The million-dollar question: stainless steel or single-use?

Global Technology Partner, NNE

Niels Guldager

Global Technology Partner, NNE

Niels Guldager is an expert within bioprocess and technology. 

He is currently engaged in single-use technology community work for the industry organisations PDA and ISPE and is also a member of PDA’s task force for Gene and Cell Based Therapies. Guldager holds the Certified Pharmaceutical Industry Professional™ certification from ISPE.

Guldager has a Master’s degree in Chemical Engineering from the Technical University of Denmark. He started his career at Novo Nordisk as a production engineer, responsible for upstream production of recombinant human insulin. In this role, he also facilitated production of clinical batches and manufacturing technology transfer for next generation products. Later, he moved on to downstream manufacturing.

 

Guldager heads NNE's biopharmaceuticals design group, where his focus is on process and technology in front-end project activities, capturing customer strategy and requirements and transforming these inputs into a well-defined process and facility design scope.

The answer is not as divisive as one might think. The right solution is often found by combining technologies to harness the most productive and cost-effective process in a fast and predictable way.

When it comes to selecting a manufacturing technology, the solution is never black and white. Choosing between technologies or opting for a hybrid of solutions is determined with strategic considerations and feasibility studies on a case-by-case basis.

In the last decade, single-use transitioned from the experimental arena to the mainstream, playing an important role in both upstream and downstream bioprocessing as a flexible, reliable and cost-effective alternative to stainless steel equipment. Today, biopharmaceutical manufacturing facilities have to be smaller, more efficient, cost-effective and flexible enough to adapt quickly to changes in market demand.

Thus, the pharmaceutical world’s challenge lies in making the right choices and ensuring implementation is executed well. But there is also the challenge of using a structured and scientific approach to find the balance between single-use and stainless steel technology. The right combination of the two technologies offers agile and flexible manufacturing with the added benefit of being more cost effective. 

Single-use advantages

  • Risk mitigation
  • Improved flexibility
  • Improved utilisation
  • Faster change-over for multi-products
  • Closed system integrity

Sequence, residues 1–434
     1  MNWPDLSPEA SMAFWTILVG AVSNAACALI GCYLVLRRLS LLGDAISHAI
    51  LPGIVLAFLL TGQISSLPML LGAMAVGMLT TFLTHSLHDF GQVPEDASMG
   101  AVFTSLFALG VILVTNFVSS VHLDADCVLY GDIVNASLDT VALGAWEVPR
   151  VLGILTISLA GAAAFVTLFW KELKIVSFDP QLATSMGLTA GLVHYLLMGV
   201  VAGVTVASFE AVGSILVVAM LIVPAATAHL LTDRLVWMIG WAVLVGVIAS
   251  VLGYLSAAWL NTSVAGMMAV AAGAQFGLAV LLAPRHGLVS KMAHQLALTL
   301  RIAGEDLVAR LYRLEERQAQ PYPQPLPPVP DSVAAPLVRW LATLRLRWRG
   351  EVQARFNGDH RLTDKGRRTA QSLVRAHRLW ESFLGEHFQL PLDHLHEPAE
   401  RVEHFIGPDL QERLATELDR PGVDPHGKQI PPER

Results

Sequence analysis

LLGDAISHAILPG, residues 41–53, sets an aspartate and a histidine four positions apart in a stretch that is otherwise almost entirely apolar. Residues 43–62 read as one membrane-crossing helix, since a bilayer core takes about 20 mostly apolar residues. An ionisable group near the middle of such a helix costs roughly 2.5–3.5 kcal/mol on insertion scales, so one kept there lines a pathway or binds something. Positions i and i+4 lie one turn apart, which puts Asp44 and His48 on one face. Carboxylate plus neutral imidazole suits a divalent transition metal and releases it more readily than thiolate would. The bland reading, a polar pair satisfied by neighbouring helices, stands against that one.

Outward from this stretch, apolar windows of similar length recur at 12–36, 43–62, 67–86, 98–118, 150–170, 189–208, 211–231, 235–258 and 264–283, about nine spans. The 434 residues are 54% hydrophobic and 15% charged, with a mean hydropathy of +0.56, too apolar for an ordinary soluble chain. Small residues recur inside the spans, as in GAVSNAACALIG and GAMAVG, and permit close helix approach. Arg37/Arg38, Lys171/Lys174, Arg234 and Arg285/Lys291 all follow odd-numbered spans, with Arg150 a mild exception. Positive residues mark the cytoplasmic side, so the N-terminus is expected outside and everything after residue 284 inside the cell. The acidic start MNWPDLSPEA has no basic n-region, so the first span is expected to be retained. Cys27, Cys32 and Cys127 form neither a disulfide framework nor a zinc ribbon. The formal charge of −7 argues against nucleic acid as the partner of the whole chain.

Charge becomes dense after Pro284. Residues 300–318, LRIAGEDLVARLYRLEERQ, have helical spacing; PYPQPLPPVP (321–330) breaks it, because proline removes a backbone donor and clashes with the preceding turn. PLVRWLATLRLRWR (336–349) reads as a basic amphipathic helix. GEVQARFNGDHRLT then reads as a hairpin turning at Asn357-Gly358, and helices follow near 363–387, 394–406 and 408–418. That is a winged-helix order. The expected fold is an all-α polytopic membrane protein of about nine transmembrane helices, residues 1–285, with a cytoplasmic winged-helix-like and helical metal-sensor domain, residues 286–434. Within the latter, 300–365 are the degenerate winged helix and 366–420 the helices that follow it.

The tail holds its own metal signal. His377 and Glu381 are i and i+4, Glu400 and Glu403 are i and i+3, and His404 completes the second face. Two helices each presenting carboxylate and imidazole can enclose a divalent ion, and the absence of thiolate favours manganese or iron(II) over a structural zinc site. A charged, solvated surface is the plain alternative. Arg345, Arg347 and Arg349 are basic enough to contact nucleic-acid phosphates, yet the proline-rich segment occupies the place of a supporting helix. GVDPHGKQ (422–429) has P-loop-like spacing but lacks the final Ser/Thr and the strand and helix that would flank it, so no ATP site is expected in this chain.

• Smaller footprint
  • Improved segregation strategy
  • Reduced manufacturing footprint
  • Reduced support installations for cleaning and sterilising

Lower investment costs

Single-use systems eliminate the sterilisation and cleaning processes that come with stainless steel systems, significantly reducing installation and support systems. This allows manufacturers to purchase more capacity for a limited start-up budget. It also has a positive effect on the variable costs because a much lower investment sum has to be amortised compared with stainless steel. In fact, the reduced up-front investment cost lowers variable costs and tips the scales in favour of single-use systems.

The projected investment cost savings when switching to single-use process modules from completely stainless steel process equipment for an upstream biopharmaceutical operation are significant. Facilities can expect up to 30% in cost savings with single-use technology. Naturally, manufacturing costs depend heavily on the frequency of use of single-use technology assemblies. Actual costs depend on a number of site-specific assumptions, such as process yield and solubility of protein.

One size does not fit all

Single-use technology is not a quick fix for every facility. The technology performs best at low utilisation under flexible production schedules because the technology does not overload the production economy with expensive and highly insured stainless steel equipment. However, large production volumes and high facility utilisation increases pricey single-use assembly and can raise costs to exceed those of stainless steel. The estimated payback time for the classic stainless steel solution in fed batch mode and at full utilisation falls between three and seven years depending on the case, assuming the facility is fully utilised from day one. Interestingly, the lower single-use consumption frequency promised by continuous, integrated and connected bioprocessing will shift this balance to favour single-use technology for a much longer payback duration. But it ultimately depends on process capability.

However, if the facility runs at a low utilisation and aims to meet the level of flexibility the new pharma reality requires, full or partial single-use systems offer unmatched manufacturing agility to face the challenges of today as well as tomorrow.